If leaseholders plan to undertake major works on their property, they will have to get permission from the freeholder or their managing agents. And may face other restrictions such as not subletting or owning pets. Freeholders often have the complaint that leaseholders breach the terms of their lease by being too noisy or failing to obtain permission for building works.
If leaseholders fail to honour the terms of the lease, for example, by not paying their fees, then the lease can become forfeit, which means the property reverts to the freeholder.
Anything of 90 years or fewer can become problematic for leaseholders. So if you are looking at properties that fit into this category, you should approach them with care, because it can significantly affect the value of the property. If you have a short lease, a property can decline in value even if property prices in the area are rising. This will probably lead to fewer people wanting to buy it when you put it in the market to sell. As stated above, mortgage providers are going to be extremely reluctant to lend on shorter leases.
Government legislation has recently given leaseholders protection against short leases. This gives them the right to extend their lease or buy the property. However, this can be particularly expensive. The law is different depending on whether it is an apartment or house.
After informing a landlord they qualify for the right to extend the lease, the freeholder can either accept or reject the offer or negotiate new terms. If they reject the offer, it can be challenged in court.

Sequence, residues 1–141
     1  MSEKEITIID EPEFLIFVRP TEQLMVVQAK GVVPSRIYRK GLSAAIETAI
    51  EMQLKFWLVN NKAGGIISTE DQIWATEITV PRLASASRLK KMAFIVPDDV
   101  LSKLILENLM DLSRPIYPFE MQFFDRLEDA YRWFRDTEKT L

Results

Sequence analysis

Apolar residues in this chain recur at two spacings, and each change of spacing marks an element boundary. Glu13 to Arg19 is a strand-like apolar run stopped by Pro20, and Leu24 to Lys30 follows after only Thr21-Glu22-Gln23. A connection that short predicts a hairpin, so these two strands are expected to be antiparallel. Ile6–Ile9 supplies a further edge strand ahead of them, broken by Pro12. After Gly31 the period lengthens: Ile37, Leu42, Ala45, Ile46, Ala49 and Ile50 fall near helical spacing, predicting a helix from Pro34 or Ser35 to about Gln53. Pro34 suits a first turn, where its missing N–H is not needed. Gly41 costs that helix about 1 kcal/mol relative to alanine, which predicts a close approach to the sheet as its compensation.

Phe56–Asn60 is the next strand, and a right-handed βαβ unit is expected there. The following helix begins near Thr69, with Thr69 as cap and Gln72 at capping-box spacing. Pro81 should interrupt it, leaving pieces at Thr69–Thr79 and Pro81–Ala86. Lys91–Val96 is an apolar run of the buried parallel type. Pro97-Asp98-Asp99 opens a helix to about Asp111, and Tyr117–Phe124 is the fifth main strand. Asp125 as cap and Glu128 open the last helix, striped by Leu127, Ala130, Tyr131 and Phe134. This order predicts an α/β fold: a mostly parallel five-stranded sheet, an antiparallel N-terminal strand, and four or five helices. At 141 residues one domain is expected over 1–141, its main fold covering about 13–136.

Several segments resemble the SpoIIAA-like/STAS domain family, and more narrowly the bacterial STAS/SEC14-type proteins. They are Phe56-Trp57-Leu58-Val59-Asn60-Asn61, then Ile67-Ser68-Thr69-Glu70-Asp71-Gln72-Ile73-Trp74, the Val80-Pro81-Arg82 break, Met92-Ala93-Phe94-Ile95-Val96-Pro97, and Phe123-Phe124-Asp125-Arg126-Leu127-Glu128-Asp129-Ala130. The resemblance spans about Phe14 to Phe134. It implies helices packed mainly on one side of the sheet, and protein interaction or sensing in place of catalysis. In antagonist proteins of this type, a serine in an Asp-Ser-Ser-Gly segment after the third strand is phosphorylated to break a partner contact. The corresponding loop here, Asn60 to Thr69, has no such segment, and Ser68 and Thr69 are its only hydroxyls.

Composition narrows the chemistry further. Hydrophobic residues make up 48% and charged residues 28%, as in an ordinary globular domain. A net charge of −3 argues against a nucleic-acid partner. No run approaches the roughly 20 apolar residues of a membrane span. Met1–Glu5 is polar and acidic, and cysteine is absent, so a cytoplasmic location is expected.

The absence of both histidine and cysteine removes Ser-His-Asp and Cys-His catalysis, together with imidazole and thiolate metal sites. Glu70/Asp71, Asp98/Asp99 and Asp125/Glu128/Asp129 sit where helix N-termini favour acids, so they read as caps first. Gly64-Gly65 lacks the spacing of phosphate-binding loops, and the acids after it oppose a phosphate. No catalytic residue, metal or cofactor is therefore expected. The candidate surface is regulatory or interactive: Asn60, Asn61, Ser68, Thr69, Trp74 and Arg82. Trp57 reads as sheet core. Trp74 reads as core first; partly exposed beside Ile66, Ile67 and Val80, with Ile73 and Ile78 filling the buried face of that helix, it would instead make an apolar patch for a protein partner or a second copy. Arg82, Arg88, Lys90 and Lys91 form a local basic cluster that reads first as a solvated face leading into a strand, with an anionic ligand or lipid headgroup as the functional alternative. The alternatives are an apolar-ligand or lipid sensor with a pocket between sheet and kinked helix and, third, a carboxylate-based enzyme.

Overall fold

You should get specialist professional help when extending a lease. If you live in a converted house, for example, the rules for extending a lease on an apartment may apply instead.
You may want to exercise the right to buy your apartment or house outright, so that you own the freehold. This is known as “enfranchisement.” The law surrounding this depends on whether you have a house or an apartment.
You could also buy the freehold with the other leaseholders living in a block of flats, for example. This can be achieved if at least half the leaseholders agree to buy a share. To buy the freehold, every leaseholder will need to serve a Section 13 Notice on the freeholder.
Commonhold can be a substitute for long-term leasehold. Leasehold owners can form a commonhold association, which owns the building, land, and common areas and is responsible for the maintenance, management, servicing and repair of the estate. As with leasehold, each individual leaseholder is responsible for their own property, but unlike leaseholds, there is no time placed on how long you can own the property. Anyone owning a freehold in the building or estate is entitled to take part in the running of the commonhold association.
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Both leasehold and freehold are ways you can own a property and it is important to know the difference because it affects your ownership and the future sale of your home. Leasehold and freehold are principally different forms of legal ownership. If you own the freehold, it means you own both the building and the […]...